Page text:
The invitation came as a surprise. A friend in Sarajevo, a teacher, and her two teenage sons wanted me to join them on their first trip to Jahorina since Bosnia's bitter 1992-1995 war as Yugoslavia broke apart.
It was also their first trip to Republika Srpska, the Bosnian Serb state-within-a-state in Bosnia.
"Come give us moral support," they urged. "We'll go sledding with the Serbs."
Nestled high above Sarajevo, Jahorina's sculpted slopes hosted the women's downhill and slalom competitions in the 1984 Winter Olympics and provided a picturesque backdrop for television announcers.
It's a lot quieter now. The Olympic flame was doused, and a few years later Sarajevo itself was burning. Bosnian Serbs dug in to Jahorina and other mountain villages surrounding the Bosnian capital and dropped shells and mortar rounds on people below: The same people who used to pack Jahorina's slopes, chalets, and restaurants every weekend.
Bosnian Serb leader Radovan Karadzic - indicted by the United Nations war crimes tribunal at The Hague - set up shop in nearby Pale. He and his cronies would pop up to Jahorina for meetings of the Bosnian Serb parliament or to relax on the slopes. It was at the Heavenly Valley Hotel here that Bosnian Serbs rejected the 1993 Vance-Owen peace plan that even had the backing of Yugoslav leader Slobodan Milosevic.
Today, the guns, mines, and tanks are gone and the twisting, 12-mile road from Sarajevo is open to anyone who cares to make the drive. Almost no one does. Bosnian Muslims, or "Bosniaks," and Bosnian Croats feel understandably uncomfortable here.
But we decided to go anyway. A city bus leaves downtown Sarajevo every Saturday morning, as long as at least eight people show up. There were nine, so the bus left the station and climbed up the mountain, passing devastated buildings and incredible vistas of the city below. My friends grimly point out their top-floor apartment, which Serbs dropped several mortar rounds on in 1992.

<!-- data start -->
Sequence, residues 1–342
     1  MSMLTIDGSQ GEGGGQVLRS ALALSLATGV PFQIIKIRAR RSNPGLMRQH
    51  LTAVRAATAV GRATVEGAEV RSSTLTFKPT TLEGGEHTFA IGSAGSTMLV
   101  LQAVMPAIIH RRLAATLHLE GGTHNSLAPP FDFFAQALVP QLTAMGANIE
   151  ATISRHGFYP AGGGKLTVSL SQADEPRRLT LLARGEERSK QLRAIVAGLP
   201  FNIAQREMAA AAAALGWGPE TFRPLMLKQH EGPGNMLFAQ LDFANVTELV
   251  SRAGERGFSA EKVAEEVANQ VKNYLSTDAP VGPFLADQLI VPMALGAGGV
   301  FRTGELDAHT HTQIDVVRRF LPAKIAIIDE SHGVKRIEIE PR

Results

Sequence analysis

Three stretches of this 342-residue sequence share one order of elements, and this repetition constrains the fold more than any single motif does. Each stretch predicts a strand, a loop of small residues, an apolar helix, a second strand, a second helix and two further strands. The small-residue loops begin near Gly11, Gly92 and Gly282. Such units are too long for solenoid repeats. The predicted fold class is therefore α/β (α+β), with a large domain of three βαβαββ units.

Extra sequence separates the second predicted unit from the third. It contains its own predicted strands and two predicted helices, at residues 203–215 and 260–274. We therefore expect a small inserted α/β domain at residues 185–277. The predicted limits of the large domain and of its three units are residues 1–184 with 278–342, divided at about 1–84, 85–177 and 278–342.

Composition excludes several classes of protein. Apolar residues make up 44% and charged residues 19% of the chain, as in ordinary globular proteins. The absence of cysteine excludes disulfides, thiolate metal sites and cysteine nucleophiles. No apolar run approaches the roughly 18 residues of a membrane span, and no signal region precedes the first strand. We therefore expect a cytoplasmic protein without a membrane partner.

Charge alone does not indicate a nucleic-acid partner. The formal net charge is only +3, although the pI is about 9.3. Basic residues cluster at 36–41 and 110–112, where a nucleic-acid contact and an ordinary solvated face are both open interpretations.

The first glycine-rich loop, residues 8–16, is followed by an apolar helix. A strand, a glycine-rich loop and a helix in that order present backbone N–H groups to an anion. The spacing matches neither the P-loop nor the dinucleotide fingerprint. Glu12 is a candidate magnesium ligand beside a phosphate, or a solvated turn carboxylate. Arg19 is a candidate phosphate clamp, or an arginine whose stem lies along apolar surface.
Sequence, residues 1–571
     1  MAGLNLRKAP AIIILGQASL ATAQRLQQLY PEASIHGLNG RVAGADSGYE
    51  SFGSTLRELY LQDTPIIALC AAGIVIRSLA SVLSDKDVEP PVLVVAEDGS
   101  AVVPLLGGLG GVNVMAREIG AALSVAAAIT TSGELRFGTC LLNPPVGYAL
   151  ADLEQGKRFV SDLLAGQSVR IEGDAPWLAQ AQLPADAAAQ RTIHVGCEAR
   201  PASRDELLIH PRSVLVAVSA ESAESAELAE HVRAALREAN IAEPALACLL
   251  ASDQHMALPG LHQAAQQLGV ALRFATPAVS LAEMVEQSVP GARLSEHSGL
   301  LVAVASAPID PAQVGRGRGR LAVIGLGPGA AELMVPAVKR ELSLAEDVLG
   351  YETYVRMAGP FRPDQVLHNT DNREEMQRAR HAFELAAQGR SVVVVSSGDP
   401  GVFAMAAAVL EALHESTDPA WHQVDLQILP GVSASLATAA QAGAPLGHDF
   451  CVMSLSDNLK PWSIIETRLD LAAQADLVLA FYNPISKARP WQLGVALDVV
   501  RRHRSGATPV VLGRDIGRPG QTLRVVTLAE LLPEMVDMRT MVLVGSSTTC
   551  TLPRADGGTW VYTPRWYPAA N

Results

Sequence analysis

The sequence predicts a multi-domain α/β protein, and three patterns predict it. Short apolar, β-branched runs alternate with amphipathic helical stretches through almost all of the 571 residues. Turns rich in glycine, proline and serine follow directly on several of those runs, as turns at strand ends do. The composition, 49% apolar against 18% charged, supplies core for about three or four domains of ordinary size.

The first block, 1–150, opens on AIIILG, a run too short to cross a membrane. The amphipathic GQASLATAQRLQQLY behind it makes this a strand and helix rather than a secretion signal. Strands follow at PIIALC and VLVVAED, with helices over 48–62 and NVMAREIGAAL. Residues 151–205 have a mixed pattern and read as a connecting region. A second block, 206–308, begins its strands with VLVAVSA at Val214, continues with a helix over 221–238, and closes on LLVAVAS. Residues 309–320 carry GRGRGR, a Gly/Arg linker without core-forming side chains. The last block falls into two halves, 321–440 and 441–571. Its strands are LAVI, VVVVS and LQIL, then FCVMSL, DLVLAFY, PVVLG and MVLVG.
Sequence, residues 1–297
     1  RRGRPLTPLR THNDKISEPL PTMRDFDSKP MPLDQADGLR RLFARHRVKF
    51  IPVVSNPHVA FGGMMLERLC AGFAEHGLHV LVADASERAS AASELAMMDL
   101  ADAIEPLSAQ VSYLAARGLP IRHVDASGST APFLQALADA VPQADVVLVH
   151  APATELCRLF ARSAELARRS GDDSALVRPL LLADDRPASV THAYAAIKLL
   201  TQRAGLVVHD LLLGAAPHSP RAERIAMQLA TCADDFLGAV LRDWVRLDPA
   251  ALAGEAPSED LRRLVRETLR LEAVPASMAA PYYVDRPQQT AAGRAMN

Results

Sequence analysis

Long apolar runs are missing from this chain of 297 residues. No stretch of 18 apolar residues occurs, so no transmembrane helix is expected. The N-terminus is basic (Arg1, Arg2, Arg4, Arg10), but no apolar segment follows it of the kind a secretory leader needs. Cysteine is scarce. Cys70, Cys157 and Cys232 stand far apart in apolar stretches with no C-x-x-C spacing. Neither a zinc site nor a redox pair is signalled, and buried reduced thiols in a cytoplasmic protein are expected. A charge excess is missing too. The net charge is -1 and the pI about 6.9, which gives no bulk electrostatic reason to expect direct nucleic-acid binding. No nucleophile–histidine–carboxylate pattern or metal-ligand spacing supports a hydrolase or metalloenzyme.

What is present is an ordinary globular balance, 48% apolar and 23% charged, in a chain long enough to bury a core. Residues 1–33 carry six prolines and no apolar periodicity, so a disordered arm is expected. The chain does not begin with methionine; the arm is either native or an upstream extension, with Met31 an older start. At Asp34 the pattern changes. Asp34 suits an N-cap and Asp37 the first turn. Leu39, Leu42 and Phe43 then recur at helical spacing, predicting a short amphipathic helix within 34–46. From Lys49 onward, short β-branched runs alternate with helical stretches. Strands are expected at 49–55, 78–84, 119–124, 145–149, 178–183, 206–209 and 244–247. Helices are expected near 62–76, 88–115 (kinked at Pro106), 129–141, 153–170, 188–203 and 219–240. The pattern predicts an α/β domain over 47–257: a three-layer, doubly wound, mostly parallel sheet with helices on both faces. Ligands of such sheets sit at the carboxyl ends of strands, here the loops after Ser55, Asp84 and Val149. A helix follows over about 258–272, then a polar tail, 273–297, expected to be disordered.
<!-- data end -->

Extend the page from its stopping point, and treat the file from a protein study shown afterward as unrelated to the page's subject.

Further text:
Jahorina used to be this family's second home. Their Bosniak grandfather owned a chalet near the chairlifts; an uncle had another down the hill a ways.
Like the rest of the country, the town is a shadow of its former self. Most of the ski lifts and hotels are shut down. Serb refugees occupy two decaying hotels. Four-foot snowdrifts block the restaurant entrance of one; in front of the other, all the outdoor lights have been shattered. The only things that look new are the road signs, recently replaced with lettering in the Cyrillic alphabet. (Bosniaks and Croats use Latin letters.)
A couple of hundred people ski and snowboard on the open trails. Half appear to be soldiers, aid workers, and other officials from the shrinking international force sent here to make Bosnia a united, multiethnic nation. Virtually everyone else is Serbian, a good many from the Yugoslav cities of Belgrade and Novi Sad, both a hundred times farther away than Sarajevo.
But the sledding is good. The kids have a great time. We get a few intimidating glances from some beefy men with short-cropped hair, nothing more. While there is no sense of cameraderie, our brief visit and others like it suggest a tentative step, or slide, in this case, toward cooexistence and interaction as Bosnians begin a long recovery.
Later in the day we retreat into the restaurant of one of the few hotels that remain open. The picture window is cracked, and the tablecloths are faded. A gaunt, nervous-looking waitress shows us to a table next to a portable electric heater, the only heat in the place. We order tea. When the steaming cups arrive, the waitress asks meekly where the family is from. Her face lights up at the answer. "Sarajevo? The real Sarajevo! How wonderful," she says. "How is life there? I'm so happy you came."
Our bus leaves an hour later. It won't be back for another week.
(c) Copyright 2000. The Christian Science Publishing Society